The rules of war demand respect

Joe Clark is a former Conservative prime minister; Ed Broadbent is a former leader of the New Democratic Party; Irwin Cotler is a former Liberal MP and minister of justice.

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The Geneva Conventions were codified in 1949, in the shadow of the Second World War, to a world that sought a way to minimize the horrendous human suffering caused by unbridled armed conflict. The Conventions established a set of rules designed to protect civilians, the sick and the wounded in times of war, no matter what side of a conflict they may be on – and to ensure that structures essential to the preservation of life, such as hospitals, remain as protected spaces off-limits to military action.

Unfortunately, respect for the Conventions and the basic principles of international humanitarian law has been steadily eroding, as belligerents in theatres of combat around the world have treated not only medical facilities but humanitarian workers themselves as military targets. Hospitals in Syria, aid workers in Central African Republic, and medical facilities in Ukraine have all come under attack in the past year. Health-care workers have been killed, crucial infrastructure has been destroyed, and people already suffering under conflict and violence have been deprived of essential, lifesaving care.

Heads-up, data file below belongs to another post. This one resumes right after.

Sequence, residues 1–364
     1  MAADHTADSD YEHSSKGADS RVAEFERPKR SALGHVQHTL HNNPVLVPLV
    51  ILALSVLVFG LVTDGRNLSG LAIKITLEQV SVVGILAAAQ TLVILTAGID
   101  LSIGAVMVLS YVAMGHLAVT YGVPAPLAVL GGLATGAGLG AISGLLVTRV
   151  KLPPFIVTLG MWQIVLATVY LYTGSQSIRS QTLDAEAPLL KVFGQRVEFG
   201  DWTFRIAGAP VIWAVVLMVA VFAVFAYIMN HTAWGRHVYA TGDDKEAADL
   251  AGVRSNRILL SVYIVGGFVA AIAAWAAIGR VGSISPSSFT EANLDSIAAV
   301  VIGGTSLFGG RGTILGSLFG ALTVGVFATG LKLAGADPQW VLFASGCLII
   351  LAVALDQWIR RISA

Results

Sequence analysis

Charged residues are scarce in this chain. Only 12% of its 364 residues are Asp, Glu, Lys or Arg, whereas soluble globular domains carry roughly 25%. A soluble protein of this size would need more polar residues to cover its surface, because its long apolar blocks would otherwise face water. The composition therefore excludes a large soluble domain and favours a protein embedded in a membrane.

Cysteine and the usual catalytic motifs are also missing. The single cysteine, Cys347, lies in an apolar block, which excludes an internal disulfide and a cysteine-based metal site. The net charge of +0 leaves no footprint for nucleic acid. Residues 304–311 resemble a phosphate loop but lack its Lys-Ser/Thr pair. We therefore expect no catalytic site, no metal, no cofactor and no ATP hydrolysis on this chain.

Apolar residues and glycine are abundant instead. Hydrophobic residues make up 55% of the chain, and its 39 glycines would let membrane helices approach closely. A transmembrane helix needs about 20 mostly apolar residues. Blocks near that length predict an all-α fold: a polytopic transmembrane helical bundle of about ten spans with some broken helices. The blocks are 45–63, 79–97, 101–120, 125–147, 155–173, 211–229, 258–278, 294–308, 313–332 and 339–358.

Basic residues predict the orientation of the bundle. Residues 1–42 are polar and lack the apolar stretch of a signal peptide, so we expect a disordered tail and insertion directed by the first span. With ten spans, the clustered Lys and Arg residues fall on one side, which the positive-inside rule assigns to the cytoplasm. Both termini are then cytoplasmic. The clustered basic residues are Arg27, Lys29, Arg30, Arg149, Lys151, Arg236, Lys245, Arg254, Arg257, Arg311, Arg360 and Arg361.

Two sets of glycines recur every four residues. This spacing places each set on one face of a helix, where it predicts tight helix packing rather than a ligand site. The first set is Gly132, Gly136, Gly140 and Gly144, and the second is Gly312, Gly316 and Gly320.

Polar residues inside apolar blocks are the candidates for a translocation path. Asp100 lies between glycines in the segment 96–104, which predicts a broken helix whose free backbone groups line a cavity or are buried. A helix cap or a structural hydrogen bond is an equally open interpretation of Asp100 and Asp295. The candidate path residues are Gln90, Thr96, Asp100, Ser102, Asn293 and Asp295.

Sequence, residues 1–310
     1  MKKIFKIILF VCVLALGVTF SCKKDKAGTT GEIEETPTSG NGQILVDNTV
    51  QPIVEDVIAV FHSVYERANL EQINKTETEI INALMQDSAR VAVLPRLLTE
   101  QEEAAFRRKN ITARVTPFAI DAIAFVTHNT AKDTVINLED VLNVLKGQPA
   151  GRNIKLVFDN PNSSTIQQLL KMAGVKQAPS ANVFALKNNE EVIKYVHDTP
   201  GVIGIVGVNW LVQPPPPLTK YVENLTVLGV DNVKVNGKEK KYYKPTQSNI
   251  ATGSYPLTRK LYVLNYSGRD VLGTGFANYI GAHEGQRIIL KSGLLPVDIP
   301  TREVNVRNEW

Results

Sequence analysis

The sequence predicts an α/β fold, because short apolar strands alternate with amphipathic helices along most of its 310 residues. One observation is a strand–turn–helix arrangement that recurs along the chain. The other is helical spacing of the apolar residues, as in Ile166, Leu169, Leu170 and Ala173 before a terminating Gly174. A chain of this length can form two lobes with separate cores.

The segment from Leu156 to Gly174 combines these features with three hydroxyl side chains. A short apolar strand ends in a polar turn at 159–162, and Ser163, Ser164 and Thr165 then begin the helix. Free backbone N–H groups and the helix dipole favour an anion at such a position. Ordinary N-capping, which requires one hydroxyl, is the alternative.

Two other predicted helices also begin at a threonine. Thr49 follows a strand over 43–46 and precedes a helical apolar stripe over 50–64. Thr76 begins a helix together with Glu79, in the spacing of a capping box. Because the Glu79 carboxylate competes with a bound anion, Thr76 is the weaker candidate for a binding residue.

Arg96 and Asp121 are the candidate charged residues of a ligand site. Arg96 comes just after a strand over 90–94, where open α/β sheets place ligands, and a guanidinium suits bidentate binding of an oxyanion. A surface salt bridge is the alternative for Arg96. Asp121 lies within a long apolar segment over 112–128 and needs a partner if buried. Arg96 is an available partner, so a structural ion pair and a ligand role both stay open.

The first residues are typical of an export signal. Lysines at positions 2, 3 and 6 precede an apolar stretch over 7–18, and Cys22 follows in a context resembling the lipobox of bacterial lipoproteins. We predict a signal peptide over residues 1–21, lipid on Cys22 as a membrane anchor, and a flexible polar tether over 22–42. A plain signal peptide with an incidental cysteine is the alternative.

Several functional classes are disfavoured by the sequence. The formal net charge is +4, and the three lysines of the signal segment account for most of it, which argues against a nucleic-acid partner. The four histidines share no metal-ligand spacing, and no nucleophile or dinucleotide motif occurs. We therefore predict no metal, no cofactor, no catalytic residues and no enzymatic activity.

Damaged buildings at the MSF hospital in Kunduz, Afghanistan, after U.S. aerial attack on Oct. 3, 2015. (REUTERS)

Damaged buildings at the MSF hospital in Kunduz, Afghanistan, after U.S. aerial attack on Oct. 3, 2015.
(REUTERS)

JOE CLARK, ED BROADBENT AND IRWIN COTLER
Contributed to The Globe and Mail
Published: Nov. 13, 2015